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A sober alcoholic finds it much easier to be optimistic about life.  Optimism is the natural result of my finding myself gradually able to make the best, rather than the worst, of each situation.  As my sobriety continues, I come out of the fog, gain a clearer perspective and am better able to determine what courses of action to take.  As vital as physical sobriety is, I can achieve greater potential for myself by developing an ever-increasing willingness to avail myself of the guidance and direction of a Higher Power.  My ability to do so comes from my learning – and practicing – the principles of the A.A. program.  The melding of my physical and spiritual sobriety produces the substance of a more positive life.

Self Will Run Riot

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I can see where people and my moral principles came in second in my life.  I have been blessed to learn the lesson of giving from the heart, of caring for others and letting go of my selfish habits and behaviors. I strive to practice the spiritual principles of Alcoholics Anonymous, one of which is to let go of selfish habits, and work towards the discipline of letting go of selfish attachments.  I like the feeling that giving of myself gives me, I have learned to give willingly without thoughts of getting something back.  There is a practice in the Program of giving anonymously, without telling anyone about it.  I have learned about the giving part, but I’m still working on the anonymous part.  I have the urge to tell someone when I do a generous act – so I’m still a work in progress.  I have learned much from A.A., and much from others, be they members or just your average human being, searching for a better way, a better life.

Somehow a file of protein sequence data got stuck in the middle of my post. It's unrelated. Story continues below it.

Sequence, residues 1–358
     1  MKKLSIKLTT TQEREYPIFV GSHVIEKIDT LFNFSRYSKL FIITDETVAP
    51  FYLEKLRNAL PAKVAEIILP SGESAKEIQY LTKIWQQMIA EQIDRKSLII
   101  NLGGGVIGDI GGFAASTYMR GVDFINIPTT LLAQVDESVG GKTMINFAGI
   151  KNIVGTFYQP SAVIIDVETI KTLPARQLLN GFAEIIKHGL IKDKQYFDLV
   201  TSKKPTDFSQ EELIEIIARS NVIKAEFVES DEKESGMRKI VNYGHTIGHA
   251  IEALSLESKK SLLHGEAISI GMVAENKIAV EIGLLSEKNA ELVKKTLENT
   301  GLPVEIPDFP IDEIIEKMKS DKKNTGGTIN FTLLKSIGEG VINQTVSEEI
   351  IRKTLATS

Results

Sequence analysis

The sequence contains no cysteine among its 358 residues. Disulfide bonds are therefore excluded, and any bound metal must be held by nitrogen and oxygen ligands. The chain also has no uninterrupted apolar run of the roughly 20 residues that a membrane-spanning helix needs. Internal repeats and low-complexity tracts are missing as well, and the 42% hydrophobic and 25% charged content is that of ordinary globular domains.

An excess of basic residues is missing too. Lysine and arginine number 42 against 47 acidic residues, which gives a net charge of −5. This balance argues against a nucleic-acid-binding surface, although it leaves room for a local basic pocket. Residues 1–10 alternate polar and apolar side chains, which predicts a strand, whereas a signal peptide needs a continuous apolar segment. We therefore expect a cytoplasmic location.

Looking Outward

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“We ask especially for freedom from self-will and are careful to make no requests for ourselves only. We may ask for ourselves, however, if others will be helped. We are careful never to pray for our own selfish ends.”
—ALCOHOLICS ANONYMOUS, p. 87

As an active alcoholic, I allowed selfishness to run rampant in my life. I was so attached to my drinking and other selfish habits that people and moral principles came second. Now, when I pray for the good of others rather than my “own selfish ends,” I practice a discipline in letting go of selfish attachments, caring for my fellows and preparing for the day when I will be required to let go of all earthly attachments.

Afraid Of Ego

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Sometimes we like to claim that we weren’t in complete control of our actions, that we were overcome by an irresistible urge. We can’t, however, say that with a clear conscience. At one time in our addictive past, maybe, but not now. Now, we can be responsible. An urge can overcome us only to the extent that we let it – only as we give it the power of believing in it.

We have a choice. We can listen to the voice of our ego or the voice of God. How can we tell the difference? By how we feel. The ego’s urgings always leave us with some misgivings. God’s guidance assures us.